This science fair project was performed to measure the movement of fossils in soil subject to earthquake tremors. The experiment was done by exposing fossil bones to different levels of vibration.
The bone located in the middle of the container, which simulates the centre of a seismic zone, will experience the greatest vertical displacement.
Vibration convection occurs when granulated material like soil is subjected to seismic tremors or vibrations under the gravitational field. This causes the finer grains in soil to move downwards, while larger particles end up on top.
When a container of soil accelerates upwards due to seismic activity, its base lifts the entire mass of soil upwards. However, when the container falls back downwards due to gravity, friction between the sides of the container and the soil will also pull the soil down with the container. In this case, the soil nearer the sides of the container will fall more quickly than the soil in the middle of the container, causing the latter to appear to be raised.
Vibrations will also cause the lateral movement of grains in soil. This movement will cause collisions to occur between neighboring granules, which will then liquefy the soil. In turn, the soil will start moving and gain velocity.
The materials required for the science fair project:
- 1 transparent fish tank of dimensions 2m x 1m x 1m
- 5 dried chicken drumstick bones
- Loam soil (enough to fill the fish tank up to a height of 750mm)
- Table to support the fish tank
- 1 stopwatch
- 1 metal rod (or metal ruler)
- 1 ruler
- 1 black marker
1. For this science fair project, the independent variable is the environment which will simulate the earthquake zone, which will be a fish tank filled with soil and water. The dependent variable is the vertical displacement of the bones after being subjected to vibration. This is determined by measuring the height of the bones in the soil after applying the vibration. The constants (control variables) are the size of the fish tank, the type of soil used, the size of the bones, the initial height of the bones in the soil and the length of time of the vibration.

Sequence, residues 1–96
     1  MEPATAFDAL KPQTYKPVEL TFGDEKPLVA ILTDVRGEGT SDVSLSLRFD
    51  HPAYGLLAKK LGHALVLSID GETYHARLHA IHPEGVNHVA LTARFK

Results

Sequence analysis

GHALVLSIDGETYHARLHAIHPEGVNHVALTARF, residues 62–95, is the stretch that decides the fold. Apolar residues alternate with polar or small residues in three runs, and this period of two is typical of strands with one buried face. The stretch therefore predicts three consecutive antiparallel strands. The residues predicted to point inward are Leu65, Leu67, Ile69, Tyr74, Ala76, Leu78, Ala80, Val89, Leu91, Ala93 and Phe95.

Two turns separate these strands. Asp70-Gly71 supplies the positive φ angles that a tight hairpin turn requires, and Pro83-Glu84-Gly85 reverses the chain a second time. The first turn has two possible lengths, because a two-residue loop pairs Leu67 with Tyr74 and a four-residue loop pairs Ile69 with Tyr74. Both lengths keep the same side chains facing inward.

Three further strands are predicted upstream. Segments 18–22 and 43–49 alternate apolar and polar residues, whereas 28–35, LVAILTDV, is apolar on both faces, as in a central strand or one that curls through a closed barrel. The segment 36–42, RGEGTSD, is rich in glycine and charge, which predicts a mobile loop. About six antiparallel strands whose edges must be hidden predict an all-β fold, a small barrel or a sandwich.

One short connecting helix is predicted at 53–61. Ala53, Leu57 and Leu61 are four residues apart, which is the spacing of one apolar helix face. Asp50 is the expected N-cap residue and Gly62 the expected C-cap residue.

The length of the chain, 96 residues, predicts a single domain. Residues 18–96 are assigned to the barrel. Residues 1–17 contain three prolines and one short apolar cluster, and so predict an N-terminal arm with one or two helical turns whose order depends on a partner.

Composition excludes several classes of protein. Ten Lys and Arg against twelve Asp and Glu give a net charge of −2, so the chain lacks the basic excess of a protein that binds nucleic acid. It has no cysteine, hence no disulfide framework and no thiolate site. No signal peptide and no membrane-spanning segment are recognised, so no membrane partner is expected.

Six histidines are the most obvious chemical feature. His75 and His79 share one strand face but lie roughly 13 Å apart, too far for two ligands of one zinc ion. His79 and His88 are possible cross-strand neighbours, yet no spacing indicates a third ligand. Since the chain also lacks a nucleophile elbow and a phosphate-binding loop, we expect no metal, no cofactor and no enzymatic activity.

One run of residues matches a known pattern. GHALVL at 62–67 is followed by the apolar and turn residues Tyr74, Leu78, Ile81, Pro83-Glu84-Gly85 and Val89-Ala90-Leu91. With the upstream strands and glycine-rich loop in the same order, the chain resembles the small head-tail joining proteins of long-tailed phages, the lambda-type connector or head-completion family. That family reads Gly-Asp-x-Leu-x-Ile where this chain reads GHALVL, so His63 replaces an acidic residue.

2. Place the fish tank on a table. Add soil into the tank until the height of the soil reaches 500mm. Slowly pour 1 liter of tap water over the soil, ensuring that the soil surface stays even.
3. Starting from the left side of the tank, position 5 chicken drumstick bones at the distances of 0mm, 500mm, 1000mm, 1500mm and 2000mm from the left wall of the tank. The last bone will be next to the right side of the tank.
4. Add more soil over the bones until a soil height of 750mm is reached. Slowly pour another 500ml of tap water over the surface of the soil, ensuring the soil surface stays even. Leave the tank on the table for 1 hour for everything to settle.
5. With the help of 2 assistants, shake the table with the fish tank on it for 10 minutes. Ensure that the vibratory movements are both lateral and vertical.
6. Slowly remove the soil, layer by layer, with minimal disturbance to the bones. Once each bone is reached, insert the metal rod into the soil until it touches the bottom of the tank. With the black marker, indicate on the metal rod the depth at which the bone was found. Record the depths for the 5 bones in a table, as shown below.
The results show that the bones located near the tank walls had the highest displacement. The bone near the center of the tank had the least downward displacement.
|Bone location from left side
||Height of bone after 10 minutes vibration (mm)
The above results are represented in a chart below:
The hypothesis that the bone located in the middle of the container will have the most vertical displacement has not been proven to be true.
Vibrations caused by an earthquake causes grains in the soil to become compacted as water between the grains is expelled. The expelling of water, together with vibration, causes soil to behave like liquid. This process, which is known as liquefaction, creates landslides and undermines the foundations of buildings, causing them to collapse.
The science fair project may be modified to test which soil varieties are most susceptible to liquefaction, by using different types of soil, such as sand and clay.
The experiment may also be modified to test the displacement of materials of different density and sizes.
Convection - http://wapedia.mobi/en/Convection#7.
Facts about quicksand - http://www.dellamente.com/quicksand/doc/qsfacts.htm
Vibrations of granular material - http://thesis.library.caltech.edu/4504/